for finding lexicography and disavowal are exacting. To act as its own
lexicographer, a patentee must clearly set forth a definition of the disputed claim
term other than its plain and ordinary meaning and must clearly express an intent
to redefine the term.
Although Defendants’ “shorthand” theory, discussed and rejected below, might be
considered a theory of ordinary meaning.
Hill-Rom Servs. v. Stryker Corp., 755 F.3d 1367, 1371 (Fed. Cir. 2014) (citations omitted). As
the Federal Circuit has further explained:
For claim construction purposes, the description may act as a sort of dictionary,
which explains the invention and may define terms used in the claims. As we
have often stated, a patentee is free to be his own lexicographer. The caveat is
that any special definition given to a word must be clearly defined in the
Markman v. Westview Instruments, Inc., 52 F.3d 967, 979-980 (Fed. Cir. 1995) (citations
omitted).3 Defendants do not contend that the specification contains any clear definition relevant
to their proposed construction.4 Furthermore, the patent does not contain the words “racemic” or
The problem for Defendants, in a nutshell, is that their brief makes no case for a theory of
plain meaning, lexicography or disavowal. With that in mind, the Court turns to Defendants’
explanation of their proposed construction.
Defendants offer two different approaches to the meaning of claim 14. The first appears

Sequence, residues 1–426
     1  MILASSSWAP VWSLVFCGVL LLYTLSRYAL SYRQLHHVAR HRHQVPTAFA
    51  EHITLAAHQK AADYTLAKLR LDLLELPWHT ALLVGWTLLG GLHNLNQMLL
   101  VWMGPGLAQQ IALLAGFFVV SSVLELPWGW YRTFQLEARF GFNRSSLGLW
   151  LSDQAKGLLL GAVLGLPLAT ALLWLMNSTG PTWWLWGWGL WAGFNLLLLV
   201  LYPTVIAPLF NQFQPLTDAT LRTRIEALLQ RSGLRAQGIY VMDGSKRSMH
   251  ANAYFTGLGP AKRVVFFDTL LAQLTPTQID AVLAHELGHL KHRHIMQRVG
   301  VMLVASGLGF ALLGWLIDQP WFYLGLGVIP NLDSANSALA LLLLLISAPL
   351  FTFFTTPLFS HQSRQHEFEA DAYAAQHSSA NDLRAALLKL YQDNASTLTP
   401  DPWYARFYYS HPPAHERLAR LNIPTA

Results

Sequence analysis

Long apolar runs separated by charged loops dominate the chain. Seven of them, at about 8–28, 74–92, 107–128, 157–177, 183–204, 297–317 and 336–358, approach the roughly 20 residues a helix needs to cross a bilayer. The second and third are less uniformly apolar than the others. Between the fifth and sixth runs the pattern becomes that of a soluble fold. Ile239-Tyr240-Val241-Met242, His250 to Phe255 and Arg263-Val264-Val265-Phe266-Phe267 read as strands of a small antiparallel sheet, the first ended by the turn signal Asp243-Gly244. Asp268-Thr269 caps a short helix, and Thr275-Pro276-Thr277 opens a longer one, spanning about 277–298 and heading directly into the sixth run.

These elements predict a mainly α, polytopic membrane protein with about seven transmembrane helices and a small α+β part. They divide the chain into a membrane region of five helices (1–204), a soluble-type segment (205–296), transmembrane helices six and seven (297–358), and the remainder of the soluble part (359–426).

in their brief under the heading, “Drawing Structural Formulae of Organic Molecules,” while the
See also Thorner v. Sony Computer Entm't Am. LLC, 669 F.3d 1362, 1365 (Fed. Cir.
2012) (citations omitted):
To act as its own lexicographer, a patentee must clearly set forth a definition of
the disputed claim term other than its plain and ordinary meaning. It is not
enough for a patentee to simply disclose a single embodiment or use a word in the
same manner in all embodiments, the patentee must clearly express an intent to
redefine the term.
Defendants’ principal approach seems just a bit similar to a lexicography theory: they
say that claim 14 is directed to Compound 101, so look to Compound 101 for the characteristics
of the claimed compound. The problem is that the disclosure of Compound 101 in the
specification cannot reasonably be understood to be a clear definition of any aspect of claim 14.
Defendants do not contend that the applicants intended the disclosure of Compound 101 to be a
definition of any term used in claim 14.
second appears as their argument.
As to the first approach, Defendants contend that D14 depicts a single enantiomer, and
that a drawing of a single enantiomer is a common shorthand in the art for a racemic mixture.
Defendants offer two textbooks in support:
Similarly, chemists also often draw one enantiomer as shorthand for a racemic
mixture. This convention is described in numerous publications, including the
following two examples:
When a single enantiomer is drawn, be sure to ask yourself